Style: You want to match the style of your pattern with your yarn. If you are making a really luxe looking car coat, you don't want a cheap looking yarn. If you are just whipping up a t-shirt, you don't need cashmere (unless you REALLY want it). The same goes for everything in between. Match your personal style to your yarn choice as well. If you aren't going to wear camel colored cashmere, don't get it because it is recommended or will sub well. Branch out a little but stay in your comfort zone. You know what you like and stick with it. I am not a mohair person, though I really want to be. I know deep down in my heart I am not and am not likely to wear it so I don't buy it or use it. If a pattern calls for it, I reach for baby alpaca, cashmere or llama instead. All have the delightful softness and fuzziness but I enjoy them so much better than mohair. Subbing is worth the work to find the right fiber for you!
I have seen the light and it is knitting for kids. I may have said it before but I will say it again, I Love Knitting for Kids! Why, you ask, because it is fast, fun and almost instant gratification. The time it takes to knit a project for a kid is about ¼ of the time (if that) to knit for myself. Plus, I love her so much and couple that with my love of knitting makes it twice as fun as knitting for me. The fit issues are greatly reduced (except for the unplanned growth spurt: see pictures for evidence of a very much unplanned growth spurt). I choose the Jonah Hoodie from Lion Brand because of its comfy, cozy characteristics. It looked like it would be agreeable for a toddler to wear: warm and very functional. It is all of the above. My daughter was very excited to try it on and wear it around the house. While I doubt she will be wearing this one come fall (again see pictures) but I will be making another in the next size up for the fall. I love that there are only 2 buttons but I don't agree with the placement. They are 1 row apart and butted up to the hood. Next time I will start them 4 in. down from the cast off edge and the next one 2 in. down since I will use big buttons (these are from my stash) again so she can button them herself. I will also cast on more stitches (just a few) for the sleeves so the opening for her hand is bigger. I also changed the Hoodie placement. The instructions call for the seamed edge to be the top of the hoodie but I placed the seam at the back of the hoodie because the cast on edge curved a bit and gave it more of a front-of-the hoodie look.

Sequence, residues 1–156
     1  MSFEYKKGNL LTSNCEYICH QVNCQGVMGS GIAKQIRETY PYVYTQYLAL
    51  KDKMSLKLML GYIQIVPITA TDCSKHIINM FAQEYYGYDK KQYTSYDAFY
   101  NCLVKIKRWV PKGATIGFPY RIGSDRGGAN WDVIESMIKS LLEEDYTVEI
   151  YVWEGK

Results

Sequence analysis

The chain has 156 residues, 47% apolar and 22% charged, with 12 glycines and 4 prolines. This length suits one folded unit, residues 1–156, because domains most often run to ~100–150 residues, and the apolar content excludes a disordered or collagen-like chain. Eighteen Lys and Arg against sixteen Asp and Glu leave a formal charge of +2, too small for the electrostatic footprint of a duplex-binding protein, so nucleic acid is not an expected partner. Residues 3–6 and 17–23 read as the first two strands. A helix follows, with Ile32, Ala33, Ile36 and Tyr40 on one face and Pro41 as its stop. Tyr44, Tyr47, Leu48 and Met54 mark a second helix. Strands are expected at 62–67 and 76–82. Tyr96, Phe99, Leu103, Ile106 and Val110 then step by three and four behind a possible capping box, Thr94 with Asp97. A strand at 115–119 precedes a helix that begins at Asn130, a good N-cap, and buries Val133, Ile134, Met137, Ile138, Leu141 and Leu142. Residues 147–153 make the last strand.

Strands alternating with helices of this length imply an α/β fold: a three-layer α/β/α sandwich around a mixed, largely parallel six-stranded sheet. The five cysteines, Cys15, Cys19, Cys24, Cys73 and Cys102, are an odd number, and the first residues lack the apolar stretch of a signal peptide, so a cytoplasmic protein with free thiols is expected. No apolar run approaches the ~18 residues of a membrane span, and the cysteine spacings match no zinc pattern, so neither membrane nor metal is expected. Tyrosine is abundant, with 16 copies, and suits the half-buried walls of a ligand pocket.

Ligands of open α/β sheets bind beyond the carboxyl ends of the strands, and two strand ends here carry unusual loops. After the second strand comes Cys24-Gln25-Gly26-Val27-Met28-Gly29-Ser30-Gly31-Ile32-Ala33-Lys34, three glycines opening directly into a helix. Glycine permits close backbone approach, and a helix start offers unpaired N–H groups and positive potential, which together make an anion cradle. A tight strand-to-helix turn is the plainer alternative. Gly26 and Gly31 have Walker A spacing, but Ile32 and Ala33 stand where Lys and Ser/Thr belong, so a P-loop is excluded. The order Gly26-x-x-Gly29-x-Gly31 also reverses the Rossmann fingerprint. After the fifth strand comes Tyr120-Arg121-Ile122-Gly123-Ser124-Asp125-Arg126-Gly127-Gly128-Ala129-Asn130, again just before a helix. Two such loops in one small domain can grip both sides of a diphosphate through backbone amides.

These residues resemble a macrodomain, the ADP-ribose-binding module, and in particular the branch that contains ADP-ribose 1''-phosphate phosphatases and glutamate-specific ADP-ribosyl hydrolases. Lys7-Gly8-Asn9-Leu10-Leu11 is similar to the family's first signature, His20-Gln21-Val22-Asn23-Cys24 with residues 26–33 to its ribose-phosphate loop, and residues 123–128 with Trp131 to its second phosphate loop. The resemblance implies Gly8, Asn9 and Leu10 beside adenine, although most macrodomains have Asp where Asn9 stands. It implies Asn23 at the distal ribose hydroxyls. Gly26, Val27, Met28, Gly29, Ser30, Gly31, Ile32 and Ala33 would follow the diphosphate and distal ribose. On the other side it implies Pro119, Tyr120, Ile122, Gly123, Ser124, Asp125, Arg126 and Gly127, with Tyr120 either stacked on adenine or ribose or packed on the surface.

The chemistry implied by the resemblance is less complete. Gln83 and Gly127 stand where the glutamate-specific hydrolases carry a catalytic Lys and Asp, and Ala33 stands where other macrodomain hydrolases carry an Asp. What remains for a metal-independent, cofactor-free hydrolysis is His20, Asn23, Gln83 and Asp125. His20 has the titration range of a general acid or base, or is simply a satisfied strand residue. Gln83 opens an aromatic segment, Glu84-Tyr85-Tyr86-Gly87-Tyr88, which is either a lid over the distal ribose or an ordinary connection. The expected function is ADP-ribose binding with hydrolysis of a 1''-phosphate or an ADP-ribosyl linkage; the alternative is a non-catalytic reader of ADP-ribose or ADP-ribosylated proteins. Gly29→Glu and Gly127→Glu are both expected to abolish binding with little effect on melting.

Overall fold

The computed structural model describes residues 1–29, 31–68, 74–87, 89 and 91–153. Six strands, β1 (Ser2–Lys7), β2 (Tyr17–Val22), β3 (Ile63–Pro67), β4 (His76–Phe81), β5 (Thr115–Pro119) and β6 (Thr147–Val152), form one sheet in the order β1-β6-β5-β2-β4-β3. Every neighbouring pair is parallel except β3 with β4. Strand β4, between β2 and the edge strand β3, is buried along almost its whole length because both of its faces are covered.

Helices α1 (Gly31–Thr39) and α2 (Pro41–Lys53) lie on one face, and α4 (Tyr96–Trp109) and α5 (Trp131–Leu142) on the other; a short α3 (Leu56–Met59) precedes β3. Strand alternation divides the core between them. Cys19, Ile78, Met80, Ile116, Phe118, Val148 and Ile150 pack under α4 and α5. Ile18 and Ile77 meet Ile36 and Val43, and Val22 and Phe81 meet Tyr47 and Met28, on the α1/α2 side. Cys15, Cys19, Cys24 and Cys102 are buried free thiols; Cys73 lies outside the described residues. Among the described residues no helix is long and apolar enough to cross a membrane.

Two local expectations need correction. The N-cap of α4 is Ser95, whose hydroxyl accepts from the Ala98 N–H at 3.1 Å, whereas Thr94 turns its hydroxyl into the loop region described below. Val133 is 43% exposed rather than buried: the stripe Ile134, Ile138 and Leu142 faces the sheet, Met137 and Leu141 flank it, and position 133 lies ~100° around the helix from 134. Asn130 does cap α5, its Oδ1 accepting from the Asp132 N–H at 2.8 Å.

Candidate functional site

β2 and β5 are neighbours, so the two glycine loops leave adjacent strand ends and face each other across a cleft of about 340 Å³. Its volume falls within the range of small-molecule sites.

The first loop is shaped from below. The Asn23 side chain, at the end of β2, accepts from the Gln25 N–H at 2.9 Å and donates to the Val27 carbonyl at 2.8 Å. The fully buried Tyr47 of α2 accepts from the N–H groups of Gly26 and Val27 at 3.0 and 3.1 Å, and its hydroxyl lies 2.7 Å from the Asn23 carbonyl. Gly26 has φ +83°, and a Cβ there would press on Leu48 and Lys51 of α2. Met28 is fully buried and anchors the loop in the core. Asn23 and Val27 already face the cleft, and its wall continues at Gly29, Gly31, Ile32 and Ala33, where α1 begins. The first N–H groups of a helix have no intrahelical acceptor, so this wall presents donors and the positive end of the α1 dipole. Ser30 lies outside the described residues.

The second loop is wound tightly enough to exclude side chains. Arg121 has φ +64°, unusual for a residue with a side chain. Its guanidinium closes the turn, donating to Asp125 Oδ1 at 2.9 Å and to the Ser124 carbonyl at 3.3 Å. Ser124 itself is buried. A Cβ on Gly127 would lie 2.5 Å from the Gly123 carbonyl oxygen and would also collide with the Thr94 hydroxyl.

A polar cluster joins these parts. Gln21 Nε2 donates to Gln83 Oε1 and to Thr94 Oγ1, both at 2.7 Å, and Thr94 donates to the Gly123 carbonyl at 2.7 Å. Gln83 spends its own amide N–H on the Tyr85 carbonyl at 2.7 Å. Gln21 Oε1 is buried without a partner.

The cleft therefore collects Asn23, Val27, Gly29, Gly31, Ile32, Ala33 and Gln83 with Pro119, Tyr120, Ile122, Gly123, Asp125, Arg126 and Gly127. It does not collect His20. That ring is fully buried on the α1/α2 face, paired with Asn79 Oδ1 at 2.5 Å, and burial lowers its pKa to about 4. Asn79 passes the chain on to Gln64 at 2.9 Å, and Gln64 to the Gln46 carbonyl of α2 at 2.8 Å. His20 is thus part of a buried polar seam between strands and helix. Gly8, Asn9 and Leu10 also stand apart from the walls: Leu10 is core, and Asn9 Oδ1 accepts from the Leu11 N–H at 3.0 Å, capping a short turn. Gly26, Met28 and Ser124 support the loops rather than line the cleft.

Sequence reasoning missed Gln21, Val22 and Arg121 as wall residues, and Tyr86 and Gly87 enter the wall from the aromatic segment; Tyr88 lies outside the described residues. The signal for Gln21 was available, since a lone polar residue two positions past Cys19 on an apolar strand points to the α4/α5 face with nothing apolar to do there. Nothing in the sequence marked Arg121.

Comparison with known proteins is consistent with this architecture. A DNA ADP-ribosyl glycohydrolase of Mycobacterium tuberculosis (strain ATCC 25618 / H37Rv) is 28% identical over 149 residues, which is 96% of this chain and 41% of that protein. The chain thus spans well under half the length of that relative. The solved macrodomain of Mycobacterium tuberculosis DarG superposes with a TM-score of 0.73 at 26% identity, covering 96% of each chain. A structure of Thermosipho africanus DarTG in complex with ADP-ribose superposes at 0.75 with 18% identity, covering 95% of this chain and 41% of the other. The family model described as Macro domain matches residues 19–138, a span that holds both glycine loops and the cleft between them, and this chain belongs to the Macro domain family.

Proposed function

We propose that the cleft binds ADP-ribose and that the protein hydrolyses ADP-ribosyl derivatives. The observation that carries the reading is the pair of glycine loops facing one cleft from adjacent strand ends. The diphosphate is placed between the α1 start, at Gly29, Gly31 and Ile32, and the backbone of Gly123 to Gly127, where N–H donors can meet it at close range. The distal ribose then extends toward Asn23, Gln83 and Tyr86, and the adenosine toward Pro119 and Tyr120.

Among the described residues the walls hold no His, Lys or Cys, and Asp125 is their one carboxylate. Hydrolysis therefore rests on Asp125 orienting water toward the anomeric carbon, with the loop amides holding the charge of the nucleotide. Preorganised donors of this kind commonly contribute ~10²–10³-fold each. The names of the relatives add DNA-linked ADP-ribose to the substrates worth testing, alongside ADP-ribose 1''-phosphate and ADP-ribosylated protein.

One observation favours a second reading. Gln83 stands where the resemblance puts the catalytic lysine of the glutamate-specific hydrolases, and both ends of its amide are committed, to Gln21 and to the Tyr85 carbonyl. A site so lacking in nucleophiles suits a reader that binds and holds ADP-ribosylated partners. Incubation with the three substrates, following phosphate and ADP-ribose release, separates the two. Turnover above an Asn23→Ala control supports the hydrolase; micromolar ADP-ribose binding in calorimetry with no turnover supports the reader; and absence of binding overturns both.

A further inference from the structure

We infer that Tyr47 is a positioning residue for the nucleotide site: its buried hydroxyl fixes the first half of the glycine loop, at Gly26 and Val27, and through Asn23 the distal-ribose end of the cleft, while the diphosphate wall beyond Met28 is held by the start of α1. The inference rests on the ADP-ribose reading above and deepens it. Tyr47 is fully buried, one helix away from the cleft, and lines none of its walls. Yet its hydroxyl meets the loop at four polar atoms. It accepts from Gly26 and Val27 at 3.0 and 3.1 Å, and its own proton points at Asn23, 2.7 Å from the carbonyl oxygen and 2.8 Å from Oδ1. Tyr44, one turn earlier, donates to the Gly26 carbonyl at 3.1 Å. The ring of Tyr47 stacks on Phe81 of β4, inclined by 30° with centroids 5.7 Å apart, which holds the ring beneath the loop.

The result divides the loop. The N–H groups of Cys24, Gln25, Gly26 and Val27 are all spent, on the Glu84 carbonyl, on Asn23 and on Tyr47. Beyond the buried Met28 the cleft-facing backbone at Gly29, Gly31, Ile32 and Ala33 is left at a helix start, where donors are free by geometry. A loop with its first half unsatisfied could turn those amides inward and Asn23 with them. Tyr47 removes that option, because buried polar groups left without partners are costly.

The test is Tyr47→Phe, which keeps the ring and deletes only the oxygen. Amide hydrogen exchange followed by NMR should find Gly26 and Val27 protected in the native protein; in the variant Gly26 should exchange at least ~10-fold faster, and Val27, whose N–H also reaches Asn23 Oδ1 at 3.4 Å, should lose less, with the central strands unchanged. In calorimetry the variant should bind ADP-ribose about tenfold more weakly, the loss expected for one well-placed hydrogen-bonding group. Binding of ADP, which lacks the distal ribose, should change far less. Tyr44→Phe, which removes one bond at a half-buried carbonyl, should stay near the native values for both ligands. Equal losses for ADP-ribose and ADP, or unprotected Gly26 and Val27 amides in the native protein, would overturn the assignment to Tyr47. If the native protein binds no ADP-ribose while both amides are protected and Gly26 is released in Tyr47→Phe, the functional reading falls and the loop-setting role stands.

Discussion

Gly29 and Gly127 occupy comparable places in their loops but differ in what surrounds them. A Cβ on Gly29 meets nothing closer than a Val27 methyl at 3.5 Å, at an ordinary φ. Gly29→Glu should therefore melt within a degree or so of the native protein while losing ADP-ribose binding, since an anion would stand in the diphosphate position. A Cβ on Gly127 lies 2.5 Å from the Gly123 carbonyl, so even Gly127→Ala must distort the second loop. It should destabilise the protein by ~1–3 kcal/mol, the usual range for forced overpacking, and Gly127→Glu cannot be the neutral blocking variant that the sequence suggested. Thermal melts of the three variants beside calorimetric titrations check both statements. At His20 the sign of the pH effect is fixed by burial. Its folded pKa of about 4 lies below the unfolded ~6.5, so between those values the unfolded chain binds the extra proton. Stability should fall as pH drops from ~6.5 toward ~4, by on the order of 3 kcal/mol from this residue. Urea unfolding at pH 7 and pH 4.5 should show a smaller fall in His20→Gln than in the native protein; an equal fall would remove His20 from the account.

I also loved the yarn, Lion Brand Homespun in Parfait. It gives a Boucle like look and is SUPER SOFT to the touch and to wear. It was a bit of a challenge to work with because of the fuzzy factor but worth it since it was one hang-up every 5th or so row (not really that big of a deal but a change to one used to cotton and linen these last few weeks of summer knitting).
This is a great project to work on while cooped up with the summer heat and humidity, wishing for fall to coming all ready. It really put me in the fall mood but is not so daunting that I regret time spent. It is just the right amount to get you over the summer hump.
When you are in need of an excellent seamless cast on, you can't go wrong with the Crochet Cast On. The Crochet Cast On is a flawless cast on perfect for joins, grafting and decorative bind offs. You can use it when knitting identical halves of scarf or shawls, for sock toes or when matching your cast on to your bind off. You don't need to know to know how to crochet to complete the crochet cast on, but having a feel for the hook is helpful in learning this new technique. It is a great foundation for pick up stitches later on and is easy to pull out later.
All you need is your working yarn, some waste yarn in a contrasting color, your needle and a crochet hook. It is a terrific alternative to the Provisional Cast On, if you are short on cable needles or just prefer this method. It is always good to have a few tricks up your sleeve and more than one way to get the end result, if the end result you are looking for is a seamless join or graft!